L.L. What is obsessing you now and why?
Kimberly McCreight: The AMC show Better Call Saul. Often, the writing is so well crafted is leaves me breathless.
L.L.: Thanks so much for being with us today, Kim. Can’t wait to spread the word on WHERE THEY FOUND HER!
Kimberly McCreight: Thank you, Leslie!
Kimberly McCreight is the New York Times bestselling author of Reconstructing Amelia, which was nominated for an Edgar Award for Best First Novel as well as an Alex Award. Called Entertainment Weekly‘s Favorite Book of the Year, Reconstructing Amelia was one of CNN’s Reader Favorites for 2013, a finalist for Goodreads Best Mystery of the Year and a Book Club pick for Target, Books-a-Million and Indigo. Reconstructing Amelia has also been optioned for film by HBO and Nicole Kidman’s Blossom Films. McCreight’s second novel Where They Found Her, will be published by Harper in April 2015. Her teen trilogy The Outliers, to be published by Harper Teen in 2016, has been optioned for film by Lionsgate, Mandeville, and Reese Witherspoon’s Pacific Standard. She lives in Park Slope, Brooklyn with her husband and two daughters.Be sure to hop over to Kimberly McCreight’s website where you can learn more about her, get tour dates, newsletter updates, and more.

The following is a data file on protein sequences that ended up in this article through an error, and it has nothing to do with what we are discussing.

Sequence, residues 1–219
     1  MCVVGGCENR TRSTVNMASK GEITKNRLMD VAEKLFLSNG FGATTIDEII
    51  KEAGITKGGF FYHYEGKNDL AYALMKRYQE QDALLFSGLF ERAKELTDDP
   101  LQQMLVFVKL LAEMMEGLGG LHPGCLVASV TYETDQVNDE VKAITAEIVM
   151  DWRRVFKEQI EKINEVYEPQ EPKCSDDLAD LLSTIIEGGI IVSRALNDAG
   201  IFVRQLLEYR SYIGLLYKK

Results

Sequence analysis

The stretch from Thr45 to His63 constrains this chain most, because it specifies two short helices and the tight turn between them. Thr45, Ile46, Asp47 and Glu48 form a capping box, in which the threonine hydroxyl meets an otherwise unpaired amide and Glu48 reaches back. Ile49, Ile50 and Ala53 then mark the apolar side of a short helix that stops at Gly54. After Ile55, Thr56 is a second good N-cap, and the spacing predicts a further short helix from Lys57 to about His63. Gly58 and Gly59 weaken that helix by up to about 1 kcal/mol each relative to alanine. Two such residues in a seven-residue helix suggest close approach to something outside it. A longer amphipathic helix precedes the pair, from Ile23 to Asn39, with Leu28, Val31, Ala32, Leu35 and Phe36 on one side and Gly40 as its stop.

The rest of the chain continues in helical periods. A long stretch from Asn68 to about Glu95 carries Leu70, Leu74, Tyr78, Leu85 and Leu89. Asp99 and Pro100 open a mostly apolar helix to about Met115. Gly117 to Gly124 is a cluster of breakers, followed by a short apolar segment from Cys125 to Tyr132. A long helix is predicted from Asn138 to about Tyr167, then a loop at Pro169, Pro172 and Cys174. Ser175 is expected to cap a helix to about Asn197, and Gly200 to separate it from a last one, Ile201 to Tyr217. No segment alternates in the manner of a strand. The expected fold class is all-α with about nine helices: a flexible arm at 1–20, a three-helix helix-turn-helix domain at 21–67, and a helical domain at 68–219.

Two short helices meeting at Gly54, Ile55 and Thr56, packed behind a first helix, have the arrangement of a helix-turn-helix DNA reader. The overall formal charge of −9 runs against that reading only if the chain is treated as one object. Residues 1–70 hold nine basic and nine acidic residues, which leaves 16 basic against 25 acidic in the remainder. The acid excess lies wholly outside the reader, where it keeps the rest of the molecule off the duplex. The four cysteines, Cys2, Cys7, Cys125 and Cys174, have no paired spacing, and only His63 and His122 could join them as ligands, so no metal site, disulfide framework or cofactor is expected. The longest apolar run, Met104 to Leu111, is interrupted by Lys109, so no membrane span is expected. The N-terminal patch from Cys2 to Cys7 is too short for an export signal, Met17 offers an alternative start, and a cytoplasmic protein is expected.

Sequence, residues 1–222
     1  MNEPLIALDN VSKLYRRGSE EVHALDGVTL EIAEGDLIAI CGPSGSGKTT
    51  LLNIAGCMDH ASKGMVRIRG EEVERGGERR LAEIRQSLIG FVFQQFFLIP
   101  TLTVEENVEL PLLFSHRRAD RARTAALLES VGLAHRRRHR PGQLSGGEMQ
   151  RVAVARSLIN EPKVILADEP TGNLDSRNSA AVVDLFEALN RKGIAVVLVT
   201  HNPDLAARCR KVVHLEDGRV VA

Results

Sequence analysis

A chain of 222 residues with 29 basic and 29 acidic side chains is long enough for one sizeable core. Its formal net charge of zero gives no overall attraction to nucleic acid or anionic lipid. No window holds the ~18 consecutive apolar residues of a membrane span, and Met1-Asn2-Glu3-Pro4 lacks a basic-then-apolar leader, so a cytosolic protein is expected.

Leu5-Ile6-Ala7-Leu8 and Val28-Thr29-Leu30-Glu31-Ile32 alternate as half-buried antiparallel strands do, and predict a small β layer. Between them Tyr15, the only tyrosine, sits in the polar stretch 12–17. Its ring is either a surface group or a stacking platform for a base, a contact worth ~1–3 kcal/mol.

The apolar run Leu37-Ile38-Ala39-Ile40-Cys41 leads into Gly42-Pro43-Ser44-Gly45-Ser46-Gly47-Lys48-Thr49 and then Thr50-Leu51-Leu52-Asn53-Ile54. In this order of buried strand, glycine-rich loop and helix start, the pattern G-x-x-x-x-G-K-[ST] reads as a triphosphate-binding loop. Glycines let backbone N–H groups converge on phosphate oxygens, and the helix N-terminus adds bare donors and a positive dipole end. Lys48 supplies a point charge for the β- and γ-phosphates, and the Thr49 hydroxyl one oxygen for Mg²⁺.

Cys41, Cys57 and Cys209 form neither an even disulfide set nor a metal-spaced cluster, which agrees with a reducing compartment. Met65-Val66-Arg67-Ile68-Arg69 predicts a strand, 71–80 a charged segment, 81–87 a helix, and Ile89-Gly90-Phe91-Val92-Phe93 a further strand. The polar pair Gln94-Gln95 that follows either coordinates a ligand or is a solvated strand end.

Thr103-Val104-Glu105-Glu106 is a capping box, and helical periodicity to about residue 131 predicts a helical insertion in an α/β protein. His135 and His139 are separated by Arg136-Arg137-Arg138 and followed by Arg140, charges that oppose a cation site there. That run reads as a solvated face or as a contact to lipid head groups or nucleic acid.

“Kimberly McCreight doesn’t just give us an intense, interwoven, multigenerational, multi-household mystery (as if that isn’t enough). She creates a world that pulls us in completely and genuinely, with characters that can enrage, amuse and fill us with empathy. It’s a thrilling, lovely novel.”
—Gillian Flynn, #1 NYT bestselling author of Gone Girl
[Author image and cover image courtesy of Harper Collins. Book Trailer via author’s newsletter and can be found on YouTube. Gillian Flynn and Jodi Picoult endorsements from Kimberly McCreight’s March newsletter]
I love this interview so much! Especially the emphasis on the subjective and how we all have our own personal truths that don’t match the personal truths of others. That warms my heart deeply!
Yes, it’s a good one, isn’t it?! Thanks for reading, Mark and keep seeking your own truth.
Here’s something I recently came across: http://anniebarrows.com/grown-up-books/the-truth-according-to-us/. I immediately thought of your blog post! Can’t wait to read that book!